Changes to energy price cap – what does this mean for your energy bills?

4 min Read Published: 17 May 2022

Changes to energy price cap - what does this mean for your energy bills

Ofgem - the UK's independent energy regulator - has announced proposals for the energy price cap to be updated quarterly instead of the current 6 monthly review. The proposal comes as households continue to struggle to pay energy bills due to recent energy bill price hikes, with some even resorting to using credit.

Ofgem says that updating the price cap every 3 months will be fairer for consumers as it means households will benefit from price drops much sooner than before. Additionally, energy companies will be able to predict energy usage more accurately which should, in turn, reduce the risk of more energy suppliers going bust, a contributing factor to increasing costs for consumers.

What is the energy price cap?

The energy price cap sets a maximum limit upon which energy companies can charge consumers for their default tariffs. The cap sets a limit on both the daily standing charges as well as the cost per unit of electricity and gas that companies can charge. The price cap, however, does not cap the amount of energy that consumers use, meaning bills can be higher or lower than the energy cap depending on the amount of energy they use. Currently, the energy price cap is reviewed every April and October.

The following table shows the current and previous energy price cap charges.

Energy price cap period  Gas charges Electricity charges
1st October 21 - 31st March 22 £0.25 daily standing charge

£0.04 per kWh

£0.25 daily standing charge

£0.21 per kWh

1st April 22 - 30th September 22 £0.26 daily standing charge

£0.07 per kWh

£0.45 daily standing charge

£0.28 per kWh

Increase from previous price cap (£) £0.01 daily standing charge increase

£0.03 increase per kWh

£0.20 daily standing charge increase

£0.07 increase per kWh

What changes are being proposed to the energy price cap?

Ofgem has published a 'minded-to' consultation which proposes that the energy price cap is reviewed quarterly instead of every 6 months. This would mean that the price cap is reviewed in January and July in addition to April and October.

Jonathan Brearley, CEO of Ofgem, said:

“Our top priority is to protect consumers by ensuring a fair and resilient energy market that works for everyone. Our retail reforms will ensure that consumers are paying a fair price for their energy while ensuring resilience across the sector.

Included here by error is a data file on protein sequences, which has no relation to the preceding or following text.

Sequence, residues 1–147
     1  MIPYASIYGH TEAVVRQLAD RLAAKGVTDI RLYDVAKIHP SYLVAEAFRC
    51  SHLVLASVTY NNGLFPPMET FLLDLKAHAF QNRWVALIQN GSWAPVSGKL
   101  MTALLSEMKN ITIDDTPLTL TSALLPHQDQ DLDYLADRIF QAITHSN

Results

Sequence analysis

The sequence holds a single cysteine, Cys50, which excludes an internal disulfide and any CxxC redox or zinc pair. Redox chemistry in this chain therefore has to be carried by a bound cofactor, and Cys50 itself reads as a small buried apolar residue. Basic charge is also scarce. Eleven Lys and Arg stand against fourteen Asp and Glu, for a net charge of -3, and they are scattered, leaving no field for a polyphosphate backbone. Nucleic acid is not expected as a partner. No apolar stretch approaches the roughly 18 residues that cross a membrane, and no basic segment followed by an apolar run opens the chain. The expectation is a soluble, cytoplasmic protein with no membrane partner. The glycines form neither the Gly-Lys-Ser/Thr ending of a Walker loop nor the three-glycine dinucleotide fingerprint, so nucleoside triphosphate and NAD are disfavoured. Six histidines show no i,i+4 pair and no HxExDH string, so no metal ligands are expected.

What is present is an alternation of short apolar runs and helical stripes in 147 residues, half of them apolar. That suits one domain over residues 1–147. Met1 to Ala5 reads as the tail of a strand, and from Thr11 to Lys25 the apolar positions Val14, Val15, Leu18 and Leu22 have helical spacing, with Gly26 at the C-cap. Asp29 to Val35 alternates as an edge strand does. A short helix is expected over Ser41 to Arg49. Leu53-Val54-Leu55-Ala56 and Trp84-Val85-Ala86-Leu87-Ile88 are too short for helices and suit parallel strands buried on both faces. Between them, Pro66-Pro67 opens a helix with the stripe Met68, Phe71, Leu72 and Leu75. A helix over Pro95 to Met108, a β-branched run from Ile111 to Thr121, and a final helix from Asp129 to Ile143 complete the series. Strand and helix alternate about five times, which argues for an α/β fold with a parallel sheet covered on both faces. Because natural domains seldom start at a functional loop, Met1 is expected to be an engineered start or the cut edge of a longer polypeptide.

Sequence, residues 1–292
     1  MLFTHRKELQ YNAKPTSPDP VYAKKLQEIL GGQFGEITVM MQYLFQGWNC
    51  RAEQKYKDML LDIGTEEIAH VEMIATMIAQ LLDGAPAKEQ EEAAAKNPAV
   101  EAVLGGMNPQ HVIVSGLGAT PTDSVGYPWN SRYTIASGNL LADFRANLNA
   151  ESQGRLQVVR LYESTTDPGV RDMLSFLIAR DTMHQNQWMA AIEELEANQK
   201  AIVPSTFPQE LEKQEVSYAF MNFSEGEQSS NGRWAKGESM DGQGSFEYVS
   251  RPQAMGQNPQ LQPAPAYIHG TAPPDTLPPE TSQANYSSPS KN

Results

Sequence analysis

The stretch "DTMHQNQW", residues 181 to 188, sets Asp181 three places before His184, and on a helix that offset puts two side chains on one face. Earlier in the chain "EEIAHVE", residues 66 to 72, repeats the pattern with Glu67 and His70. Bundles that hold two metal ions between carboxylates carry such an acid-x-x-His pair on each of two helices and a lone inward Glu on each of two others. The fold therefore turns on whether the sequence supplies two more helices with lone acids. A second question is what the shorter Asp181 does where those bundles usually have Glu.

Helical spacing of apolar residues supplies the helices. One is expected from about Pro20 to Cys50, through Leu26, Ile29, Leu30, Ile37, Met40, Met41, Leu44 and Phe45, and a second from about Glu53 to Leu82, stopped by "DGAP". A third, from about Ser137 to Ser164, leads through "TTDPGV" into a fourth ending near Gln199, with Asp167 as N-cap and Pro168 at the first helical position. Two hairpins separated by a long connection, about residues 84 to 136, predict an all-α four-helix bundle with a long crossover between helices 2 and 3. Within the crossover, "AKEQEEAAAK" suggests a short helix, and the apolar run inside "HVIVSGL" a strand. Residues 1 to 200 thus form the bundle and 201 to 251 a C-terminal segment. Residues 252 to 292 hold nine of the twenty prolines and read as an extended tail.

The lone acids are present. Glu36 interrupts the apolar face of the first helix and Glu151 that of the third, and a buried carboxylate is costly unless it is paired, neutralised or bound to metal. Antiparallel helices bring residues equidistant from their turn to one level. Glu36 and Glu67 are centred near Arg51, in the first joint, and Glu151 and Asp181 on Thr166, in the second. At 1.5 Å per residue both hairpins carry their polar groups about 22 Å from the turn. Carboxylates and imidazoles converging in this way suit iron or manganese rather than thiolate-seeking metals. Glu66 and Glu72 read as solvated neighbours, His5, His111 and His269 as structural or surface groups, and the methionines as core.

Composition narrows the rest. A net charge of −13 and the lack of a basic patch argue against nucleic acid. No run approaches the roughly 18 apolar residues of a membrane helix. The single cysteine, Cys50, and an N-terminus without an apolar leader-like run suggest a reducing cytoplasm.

“Today’s proposed change would mean the price cap is more reflective of current market prices and any price falls would be delivered more quickly to consumers. It would also help energy suppliers better predict how much energy they need to purchase for their customers, reducing the risk of further supplier failures, which ultimately pushes up costs for consumers.

“The last year has shown that we need to make changes to the price cap so that suppliers are better able to manage risks in these unprecedented market conditions.”

Ofgem hopes that if the proposed changes go ahead, they can be enforced by October 2022.

What do the proposed changes mean for your energy bills?

A change in how often the energy price cap is reviewed will mean that consumers can take advantage of any price falls more quickly than the current updates. The energy price cap is updated to reflect the current market conditions which is why consumers have seen a recent increase in their energy bills. Whilst the proposed changes may allow consumers to benefit from falling energy prices, prices may also rise which could mean that consumers see an increase in their energy bills every quarter instead of every 6 months. However, regularly reviewing the price cap may mean that consumers are less likely to have a drastic change in cost each time the energy price cap is reviewed.

It is worth noting that if you are on a fixed-rate energy tariff, then the energy price cap does not affect how much you pay for your energy unless you switch to a supplier's default tariff. In the current market, a supplier's default tariff is likely to be the cheapest option, but as more deals become available you may be able to switch to a cheaper rate. One of the easiest ways to do this is via an energy auto-switching site.

How to save money on energy bills

With the recent rise in energy bills, we share some useful tips to help you reduce the cost:

  1. Use energy-saving lightbulbs
  2. Get energy-efficient appliances
  3. Have a smart meter to understand how much energy you are using

You may also wish to read our article, 'Grants and schemes for help with your energy bills' to see if you are eligible for any help with your energy bill this winter. For more money-saving tips, read our article 'How to save money on your household bills'.

What to do if you're struggling to pay your energy bill

The first thing you should do if you are struggling with your energy bills is to contact your energy supplier and ask for help. Suppliers legally have to offer help to consumers if they are struggling to pay their energy bills and the help can include affordable payment plans as well as access to emergency credit if you are on a prepayment meter. If you agree to a payment plan that later becomes unaffordable you should contact your supplier again to see if you can agree an alternative solution to repay what you owe.

If you receive benefits you may also be able to clear your debt with your energy supplier via the Fuel Direct Scheme. Alternatively, you may be able to get help with grants and schemes that are offered by energy suppliers which can be accessed even if you are not a customer. For more information on the schemes available visit the Citizen's Advice website.

Finally, if you need debt help there are numerous charities and organisations that can help you to regain control of your money with free financial advice. More information can be found below: